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Small Business
Quitting Time?
March 6, 2001: 1:18 p.m. ET

Don't give in to your emotions; your ex-company could be a future resource
By Pamela Rohland
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NEW YORK (Entrepreneur.com) - In the excitement of quitting their jobs to launch their own businesses, some aspiring entrepreneurs suffer the Take This Job And Shove It Syndrome.

Symptoms include giving your soon-to-be ex-supervisor icy stares, composing your business plan on company time and talking about how your current employer taught you how not to run a business.

TTJASIS is fatal to your relationship with that company. If you believe it doesn't matter what your former bosses think of you, consider this: Entrepreneurs often turn their former employers into one of their first clients.

"Even if you don't anticipate ever working with your former employer, leave on good terms, because they're often in a position to recommend you to others," says Marilynn Mobley, owner of The Acorn Consulting Group Inc., a public relations and marketing firm based in Marietta, Ga.

The 43-year-old worked in IBM's PR department for 15 years before leaving to start her own firm in 1996. Since then, she has done many special projects for IBM and received numerous client referrals through her former employer.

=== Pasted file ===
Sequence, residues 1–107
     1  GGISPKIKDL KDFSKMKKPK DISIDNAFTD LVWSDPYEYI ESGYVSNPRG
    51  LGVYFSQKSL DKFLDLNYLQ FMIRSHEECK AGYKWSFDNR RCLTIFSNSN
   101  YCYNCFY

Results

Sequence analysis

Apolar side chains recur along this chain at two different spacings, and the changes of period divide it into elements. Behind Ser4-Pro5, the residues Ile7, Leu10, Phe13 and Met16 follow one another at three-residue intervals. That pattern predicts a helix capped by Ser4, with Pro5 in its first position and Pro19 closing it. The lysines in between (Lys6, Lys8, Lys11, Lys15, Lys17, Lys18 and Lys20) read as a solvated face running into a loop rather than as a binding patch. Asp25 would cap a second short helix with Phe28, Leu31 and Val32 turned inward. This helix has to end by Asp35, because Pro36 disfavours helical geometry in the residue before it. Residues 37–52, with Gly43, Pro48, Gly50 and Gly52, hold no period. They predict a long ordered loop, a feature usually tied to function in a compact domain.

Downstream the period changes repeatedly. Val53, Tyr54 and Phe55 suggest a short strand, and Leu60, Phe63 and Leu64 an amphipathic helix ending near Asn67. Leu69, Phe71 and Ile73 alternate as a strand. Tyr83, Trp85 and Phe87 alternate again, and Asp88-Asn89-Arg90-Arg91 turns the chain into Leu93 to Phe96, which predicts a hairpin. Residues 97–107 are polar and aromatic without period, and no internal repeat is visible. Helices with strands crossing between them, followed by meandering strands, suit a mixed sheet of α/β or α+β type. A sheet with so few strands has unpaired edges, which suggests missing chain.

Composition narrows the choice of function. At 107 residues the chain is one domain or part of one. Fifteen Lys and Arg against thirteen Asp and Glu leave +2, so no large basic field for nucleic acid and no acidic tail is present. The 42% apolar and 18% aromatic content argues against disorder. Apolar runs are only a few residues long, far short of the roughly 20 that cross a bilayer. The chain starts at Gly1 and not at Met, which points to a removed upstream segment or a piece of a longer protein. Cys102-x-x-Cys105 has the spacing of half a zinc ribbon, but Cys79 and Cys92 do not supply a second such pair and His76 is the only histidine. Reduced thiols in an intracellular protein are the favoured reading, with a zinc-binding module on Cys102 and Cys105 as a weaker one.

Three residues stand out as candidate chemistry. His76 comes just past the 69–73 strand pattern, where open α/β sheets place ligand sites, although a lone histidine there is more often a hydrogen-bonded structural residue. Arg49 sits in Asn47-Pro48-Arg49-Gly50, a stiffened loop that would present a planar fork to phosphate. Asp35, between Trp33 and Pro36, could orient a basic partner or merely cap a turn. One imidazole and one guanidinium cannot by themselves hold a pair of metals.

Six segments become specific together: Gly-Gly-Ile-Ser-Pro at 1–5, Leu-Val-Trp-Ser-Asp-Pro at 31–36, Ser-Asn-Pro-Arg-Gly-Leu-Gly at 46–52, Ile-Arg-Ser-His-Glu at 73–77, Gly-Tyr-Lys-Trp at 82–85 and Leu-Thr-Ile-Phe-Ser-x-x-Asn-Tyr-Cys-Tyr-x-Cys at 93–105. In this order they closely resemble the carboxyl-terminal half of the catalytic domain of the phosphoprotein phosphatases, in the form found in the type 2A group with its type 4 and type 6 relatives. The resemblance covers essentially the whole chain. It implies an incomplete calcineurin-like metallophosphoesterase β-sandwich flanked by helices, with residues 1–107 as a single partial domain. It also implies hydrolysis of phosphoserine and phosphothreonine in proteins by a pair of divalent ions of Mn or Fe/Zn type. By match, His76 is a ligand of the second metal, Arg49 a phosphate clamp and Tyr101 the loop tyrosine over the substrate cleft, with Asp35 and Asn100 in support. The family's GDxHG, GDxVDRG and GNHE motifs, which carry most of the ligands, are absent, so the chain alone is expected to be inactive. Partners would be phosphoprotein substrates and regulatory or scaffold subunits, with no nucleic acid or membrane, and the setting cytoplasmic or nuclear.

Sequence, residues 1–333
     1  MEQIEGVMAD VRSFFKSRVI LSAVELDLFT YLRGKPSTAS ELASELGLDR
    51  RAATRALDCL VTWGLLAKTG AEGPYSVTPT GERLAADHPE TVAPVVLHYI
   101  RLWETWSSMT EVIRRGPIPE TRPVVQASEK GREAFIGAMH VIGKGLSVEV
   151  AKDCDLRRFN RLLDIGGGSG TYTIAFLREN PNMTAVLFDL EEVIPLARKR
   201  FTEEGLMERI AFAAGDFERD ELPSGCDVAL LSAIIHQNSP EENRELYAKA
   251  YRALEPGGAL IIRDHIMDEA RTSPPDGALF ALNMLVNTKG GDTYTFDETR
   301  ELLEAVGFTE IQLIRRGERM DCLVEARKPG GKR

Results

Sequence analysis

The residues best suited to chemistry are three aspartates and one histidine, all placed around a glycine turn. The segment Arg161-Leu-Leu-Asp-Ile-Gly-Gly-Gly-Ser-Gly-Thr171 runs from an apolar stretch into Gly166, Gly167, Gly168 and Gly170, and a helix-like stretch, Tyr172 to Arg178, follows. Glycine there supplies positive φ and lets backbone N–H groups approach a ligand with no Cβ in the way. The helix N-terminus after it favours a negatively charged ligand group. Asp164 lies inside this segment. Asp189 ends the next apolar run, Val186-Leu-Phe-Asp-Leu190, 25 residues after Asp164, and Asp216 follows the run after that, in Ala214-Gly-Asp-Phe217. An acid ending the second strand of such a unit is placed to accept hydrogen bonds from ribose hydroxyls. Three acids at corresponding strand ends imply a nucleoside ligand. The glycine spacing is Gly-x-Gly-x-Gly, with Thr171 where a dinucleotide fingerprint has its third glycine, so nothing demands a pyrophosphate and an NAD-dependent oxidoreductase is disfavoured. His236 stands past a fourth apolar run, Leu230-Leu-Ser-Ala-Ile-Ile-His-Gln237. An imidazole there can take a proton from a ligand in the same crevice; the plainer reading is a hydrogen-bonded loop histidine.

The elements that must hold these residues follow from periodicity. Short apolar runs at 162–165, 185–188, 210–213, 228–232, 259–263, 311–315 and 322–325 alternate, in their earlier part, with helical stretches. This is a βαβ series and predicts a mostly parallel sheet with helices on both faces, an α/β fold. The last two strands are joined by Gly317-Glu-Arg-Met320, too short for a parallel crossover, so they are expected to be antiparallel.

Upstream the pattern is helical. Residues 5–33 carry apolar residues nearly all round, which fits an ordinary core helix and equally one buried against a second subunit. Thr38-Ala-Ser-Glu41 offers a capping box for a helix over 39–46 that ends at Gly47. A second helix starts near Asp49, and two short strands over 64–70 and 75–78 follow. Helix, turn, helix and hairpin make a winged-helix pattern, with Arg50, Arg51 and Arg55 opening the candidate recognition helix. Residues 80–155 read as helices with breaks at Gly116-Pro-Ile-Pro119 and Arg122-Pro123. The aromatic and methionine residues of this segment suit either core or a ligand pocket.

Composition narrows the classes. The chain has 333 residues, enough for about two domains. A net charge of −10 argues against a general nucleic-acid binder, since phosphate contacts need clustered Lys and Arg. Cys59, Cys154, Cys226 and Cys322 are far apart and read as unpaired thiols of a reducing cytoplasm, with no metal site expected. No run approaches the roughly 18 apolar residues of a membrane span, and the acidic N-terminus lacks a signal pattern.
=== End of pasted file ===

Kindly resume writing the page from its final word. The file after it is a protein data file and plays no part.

"The beauty of working for yourself is you can choose which projects you want," Mobley says. "I accept projects only when I think the work is interesting, the deadline is reasonable and the price is fair. I didn't always have those options as an employee."

To stay in business, you really have to provide exceptional service, says Arnel Trovada, 34, owner of Irving, Texas-based Trovada Public Relations, who still does business with a former employer. "No matter how [good] your product or service is, business often comes to you because people have heard about you."

Here are tips to combat TTJASIS:

·  Announce the news of your departure tactfully and emphasize that you're leaving to experience a different kind of challenge.

·  Give them time to get a replacement. Two weeks is the least; one month is better.

·  Work diligently until your departure day. Maintain positive relationships with people in the company.

·  Let your bosses know you'll continue to do projects for them; mention how much you'd appreciate referrals.

·  Network with people inside the company after you leave. graphic





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Most stock quote data provided by BATS. Market indices are shown in real time, except for the DJIA, which is delayed by two minutes. All times are ET. Disclaimer.

Morningstar: © 2014 Morningstar, Inc. All Rights Reserved.

Factset: FactSet Research Systems Inc. 2014. All rights reserved.

Chicago Mercantile Association: Certain market data is the property of Chicago Mercantile Exchange Inc. and its licensors. All rights reserved.

Dow Jones: The Dow Jones branded indices are proprietary to and are calculated, distributed and marketed by DJI Opco, a subsidiary of S&P Dow Jones Indices LLC and have been licensed for use to S&P Opco, LLC and CNN. Standard & Poor's and S&P are registered trademarks of Standard & Poor’s Financial Services LLC and Dow Jones is a registered trademark of Dow Jones Trademark Holdings LLC. All content of the Dow Jones branded indices © S&P Dow Jones Indices LLC 2014 and/or its affiliates.